by Jess Riddle : Executive Director
On December 4th, the public filled every seat, and uniformed Forest Service staff lined the walls at the Clayton Foothills Landscape Project meeting. The Forest Service presented for half an hour about how wonderful the Foothills Collaboration has been and outlined challenges the agency is facing. They did not talk about how the project would authorize over 60,000 acres of commercial timber harvests and over 70,000 acres of herbicide application. They acknowledged that the project was taking a new approach by describing the kinds of places where particular management treatments would be done rather than identifying specific locations, but they did not mention that the project has no end date. Since then, they have claimed that they have provided site-specific information, even though they have not identified locations where they will or won’t log, have not shown where new prescribed fire units would be, and have not specified which trail segments would be rerouted.
Attendees we spoke to after the meeting were not impressed, and official comments on the project were over 90% critical. Over 2,000 dissatisfied citizens registered their concerns, and they were joined by a variety of environmental and recreation organizations. Of course, project reviews are not votes, which is why Georgia ForestWatch joined with the Southern Environmental Law Center, Georgia Sierra Club, The Wilderness Society, Defenders of Wildlife, and the Chattooga Conservancy to submit over 200 pages of comments detailing ways to improve vegetation treatments, gaps in the analysis, and legal shortcomings in the project design.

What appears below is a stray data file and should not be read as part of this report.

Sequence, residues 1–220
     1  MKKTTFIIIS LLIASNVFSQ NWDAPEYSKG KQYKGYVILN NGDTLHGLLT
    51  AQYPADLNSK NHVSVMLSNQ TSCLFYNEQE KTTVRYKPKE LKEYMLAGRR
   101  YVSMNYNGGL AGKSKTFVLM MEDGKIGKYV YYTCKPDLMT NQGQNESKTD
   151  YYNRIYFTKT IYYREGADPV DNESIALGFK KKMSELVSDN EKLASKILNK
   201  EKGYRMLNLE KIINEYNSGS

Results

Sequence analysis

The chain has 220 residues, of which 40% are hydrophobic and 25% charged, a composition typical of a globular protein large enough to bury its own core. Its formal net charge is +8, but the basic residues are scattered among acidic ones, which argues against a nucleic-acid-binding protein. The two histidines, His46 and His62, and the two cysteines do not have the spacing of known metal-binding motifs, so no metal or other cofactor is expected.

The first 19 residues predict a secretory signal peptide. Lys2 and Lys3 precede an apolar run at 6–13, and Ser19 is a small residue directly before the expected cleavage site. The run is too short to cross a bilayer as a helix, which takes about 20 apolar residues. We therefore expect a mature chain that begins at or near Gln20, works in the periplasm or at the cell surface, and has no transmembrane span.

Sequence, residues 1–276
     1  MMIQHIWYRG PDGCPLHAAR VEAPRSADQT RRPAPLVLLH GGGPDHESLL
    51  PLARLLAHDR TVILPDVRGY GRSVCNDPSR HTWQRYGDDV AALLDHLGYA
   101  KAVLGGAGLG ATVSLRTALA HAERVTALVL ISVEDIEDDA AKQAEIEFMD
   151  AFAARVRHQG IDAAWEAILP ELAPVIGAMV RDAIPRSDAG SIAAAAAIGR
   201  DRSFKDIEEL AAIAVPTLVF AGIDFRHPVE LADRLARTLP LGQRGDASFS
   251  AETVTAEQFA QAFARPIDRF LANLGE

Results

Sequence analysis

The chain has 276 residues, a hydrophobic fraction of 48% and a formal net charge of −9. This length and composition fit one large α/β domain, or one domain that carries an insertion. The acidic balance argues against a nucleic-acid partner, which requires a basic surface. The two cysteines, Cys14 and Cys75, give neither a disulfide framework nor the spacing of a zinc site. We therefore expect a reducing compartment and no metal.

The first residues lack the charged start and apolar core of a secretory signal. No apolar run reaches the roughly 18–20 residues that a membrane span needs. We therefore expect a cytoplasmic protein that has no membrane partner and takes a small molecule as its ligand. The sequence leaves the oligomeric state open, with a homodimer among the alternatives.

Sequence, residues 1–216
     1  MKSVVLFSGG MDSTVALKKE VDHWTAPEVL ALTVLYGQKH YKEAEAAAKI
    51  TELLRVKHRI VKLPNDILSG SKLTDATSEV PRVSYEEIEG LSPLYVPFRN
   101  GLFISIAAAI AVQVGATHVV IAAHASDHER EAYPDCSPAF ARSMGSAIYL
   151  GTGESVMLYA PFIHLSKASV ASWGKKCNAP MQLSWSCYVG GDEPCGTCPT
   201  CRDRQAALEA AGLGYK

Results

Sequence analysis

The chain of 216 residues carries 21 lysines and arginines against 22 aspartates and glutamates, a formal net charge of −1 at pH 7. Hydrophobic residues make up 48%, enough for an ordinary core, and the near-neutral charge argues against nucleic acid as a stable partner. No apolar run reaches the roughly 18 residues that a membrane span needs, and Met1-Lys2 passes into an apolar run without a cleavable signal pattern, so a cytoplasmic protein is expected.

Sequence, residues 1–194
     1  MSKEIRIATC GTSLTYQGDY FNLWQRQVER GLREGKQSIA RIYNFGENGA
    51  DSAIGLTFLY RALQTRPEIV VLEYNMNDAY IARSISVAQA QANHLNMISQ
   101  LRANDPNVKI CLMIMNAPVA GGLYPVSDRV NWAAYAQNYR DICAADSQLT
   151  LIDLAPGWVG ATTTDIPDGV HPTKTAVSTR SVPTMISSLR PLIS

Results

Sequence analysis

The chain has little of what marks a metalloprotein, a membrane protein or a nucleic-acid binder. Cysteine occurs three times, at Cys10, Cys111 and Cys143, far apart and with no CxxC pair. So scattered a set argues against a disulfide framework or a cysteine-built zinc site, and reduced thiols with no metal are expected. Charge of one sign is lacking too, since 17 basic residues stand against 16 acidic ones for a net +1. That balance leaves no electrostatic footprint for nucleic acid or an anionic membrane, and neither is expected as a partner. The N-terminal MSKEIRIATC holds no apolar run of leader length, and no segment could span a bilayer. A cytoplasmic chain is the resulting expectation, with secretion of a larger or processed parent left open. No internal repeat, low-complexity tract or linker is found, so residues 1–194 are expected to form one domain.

One of the biggest issues remains the lack of information on the actual locations where this project would take action. At the public meetings last December, the Forest Service answered that District Rangers would probably hold annual public meetings to keep people up to date on the project. While some District Rangers have a track record of transparency and listening to the public, the answer came across noncommittal and lacking in thoughtful planning, even though over a year ago we had clearly communicated this was a major concern for us. The decision to hold the comment period over the holidays and the refusal to extend it even two weeks undermined the Agency’s claim that it is committed to keeping the public involved.
Since commenting, we have had discussions with Forest Service staff, and many of the specialists are reading comments carefully and trying to marry suggestions with Forest Service goals and constraints. Reactions from those higher up in the Forest Service and responsible for the overall approach have been more mixed. Some have indicated a willingness to listen while others have publicly sought to delegitimize concerns and public opinion. In fact, the Forest Service has indicated it will release additional publications to “clarify” plans, as if frustrations with the project were merely misunderstandings. We are not sitting idle, either.
We are continuing to meet with the Forest Service, and, with our partners, we have submitted a Freedom of Information Act request for documents pertaining to timber production goals, condition based management, monitoring, and temporary roads. Foothills can still be put on the right track. The first step would be for the Forest Service to complete an Environmental Impact Statement, a thorough analysis of effects that Federal agencies are required to prepare whenever a project will have significant impact (which Foothills clearly will). The other critical step is to provide site-specific information before decisions are made, so that the public can provide information on whether a particular ridge is appropriate for restoring woodland or what the tradeoff would actually be if a particular trail were used as a firebreak.
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